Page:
At age 67, “Let’s Get Physical” actress Jane Seymour has just become a three-time Playboy model — but just as eye-opening as the photos is the story she shared with the magazine about an encounter with a handsy producer in the early days of her career.
In the interview, Seymour recalls meeting with the producer, who wanted her to screen-test for a part, at his home. According to Seymour, the producer put his hand on her leg “in the wrong place” and was unrelenting after she moved away from him on the couch. After Seymour asked him to call her a cab, she said, he told her that if she ever told anyone about the encounter, “I’ll guarantee you never work again anywhere on the planet.”
Speaking to TheWrap on Thursday, Seymour recalled, “He was just chilling, and frightening, and I was terrified.”
Seymour told TheWrap that she later encountered the producer at the same house,”at a big function where there were a lot of people.”
“And he came up to me and said, ‘Don’t I know you from somewhere?’ And I looked at him and I said, ‘Well, if you don’t remember then obviously not,’” Seymour added.
The actress noted that she never confronted the producer about the encounter.
“No. I chose not to. What I realized was that I was just one of thousands,” Seymour said. “That was par for the course for him, it was normal. That’s why he wouldn’t remember me from anyone else. He vaguely did, but he didn’t really.”
Seynour said she would come to learn that the producer — who she characterized as “the most powerful guy in the business” — had an “unbelievable reputation for this. He was famous for this — famous.”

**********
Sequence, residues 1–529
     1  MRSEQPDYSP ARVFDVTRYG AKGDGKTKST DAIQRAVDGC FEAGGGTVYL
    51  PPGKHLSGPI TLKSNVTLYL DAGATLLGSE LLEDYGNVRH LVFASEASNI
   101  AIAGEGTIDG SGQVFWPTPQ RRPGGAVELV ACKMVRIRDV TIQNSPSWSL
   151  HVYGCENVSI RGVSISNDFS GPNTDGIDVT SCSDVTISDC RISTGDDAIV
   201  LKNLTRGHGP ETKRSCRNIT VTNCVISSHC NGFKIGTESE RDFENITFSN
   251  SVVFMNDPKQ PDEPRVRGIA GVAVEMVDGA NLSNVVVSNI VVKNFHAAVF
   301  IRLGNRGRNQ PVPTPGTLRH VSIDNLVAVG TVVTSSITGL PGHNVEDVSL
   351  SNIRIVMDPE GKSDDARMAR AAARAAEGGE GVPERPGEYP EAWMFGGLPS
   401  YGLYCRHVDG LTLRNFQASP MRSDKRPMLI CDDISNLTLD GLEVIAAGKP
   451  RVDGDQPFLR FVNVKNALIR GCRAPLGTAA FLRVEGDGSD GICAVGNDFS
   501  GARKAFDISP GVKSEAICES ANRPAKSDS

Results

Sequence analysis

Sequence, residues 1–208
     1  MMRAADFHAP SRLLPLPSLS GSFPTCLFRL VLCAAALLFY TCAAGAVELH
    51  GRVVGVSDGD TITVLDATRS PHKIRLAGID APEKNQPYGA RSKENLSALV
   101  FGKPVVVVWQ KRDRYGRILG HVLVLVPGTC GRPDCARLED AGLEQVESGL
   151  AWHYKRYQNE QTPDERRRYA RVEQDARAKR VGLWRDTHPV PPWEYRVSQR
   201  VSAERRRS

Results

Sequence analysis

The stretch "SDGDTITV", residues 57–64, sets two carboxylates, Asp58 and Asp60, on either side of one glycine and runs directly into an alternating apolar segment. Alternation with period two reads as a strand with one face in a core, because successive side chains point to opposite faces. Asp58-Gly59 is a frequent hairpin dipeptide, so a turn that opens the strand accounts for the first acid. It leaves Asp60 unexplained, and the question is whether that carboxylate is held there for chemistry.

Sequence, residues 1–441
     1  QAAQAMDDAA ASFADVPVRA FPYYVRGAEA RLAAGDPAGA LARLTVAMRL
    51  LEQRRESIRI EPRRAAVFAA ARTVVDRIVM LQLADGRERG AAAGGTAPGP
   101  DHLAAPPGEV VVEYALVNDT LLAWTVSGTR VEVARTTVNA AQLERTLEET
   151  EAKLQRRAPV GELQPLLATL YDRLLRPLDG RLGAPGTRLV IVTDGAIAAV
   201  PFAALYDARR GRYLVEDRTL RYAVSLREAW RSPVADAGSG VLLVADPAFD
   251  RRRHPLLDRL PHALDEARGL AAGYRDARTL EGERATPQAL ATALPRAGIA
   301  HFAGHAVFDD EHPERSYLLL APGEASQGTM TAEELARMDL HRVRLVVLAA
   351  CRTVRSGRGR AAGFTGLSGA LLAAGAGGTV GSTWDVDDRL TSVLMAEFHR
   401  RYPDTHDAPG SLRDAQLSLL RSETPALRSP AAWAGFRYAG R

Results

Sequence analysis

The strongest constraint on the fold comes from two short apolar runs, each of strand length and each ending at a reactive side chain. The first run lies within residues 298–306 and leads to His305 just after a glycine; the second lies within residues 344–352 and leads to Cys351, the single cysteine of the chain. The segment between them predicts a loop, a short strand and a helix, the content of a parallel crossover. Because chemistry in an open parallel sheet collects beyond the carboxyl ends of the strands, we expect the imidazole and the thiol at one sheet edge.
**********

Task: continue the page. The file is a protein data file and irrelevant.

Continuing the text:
Seymour has a role in The Weinstein Company’s currently-in-limbo film “The War With Grandpa.” Given the numerous accusations of sexual misconduct against Harvey Weinstein, TheWrap asked Seymour if she regrets taking the part.
“I never saw him. I didn’t actually work for him,” Seymour said. “It was another producer, Marvin [Peart] who was the actual producer. And how can you regret working with Robert De Niro? Very hard. And Christopher Walken and Cheech Marin and Uma [Thurman]. So, no, I was very happy to do the project. I’m very sad that it has his name attached, because currently it means that a lot of people won’t see what’s probably a very nice movie.”
“I have no Weinstein stories at all, and I’ve met him on many occasions,” Seymour said. “Like I said, I learned very early on to avoid any situation or circumstance that would not be the way I would want to work in this industry.”
(Excerpt) Read More in: The Wrap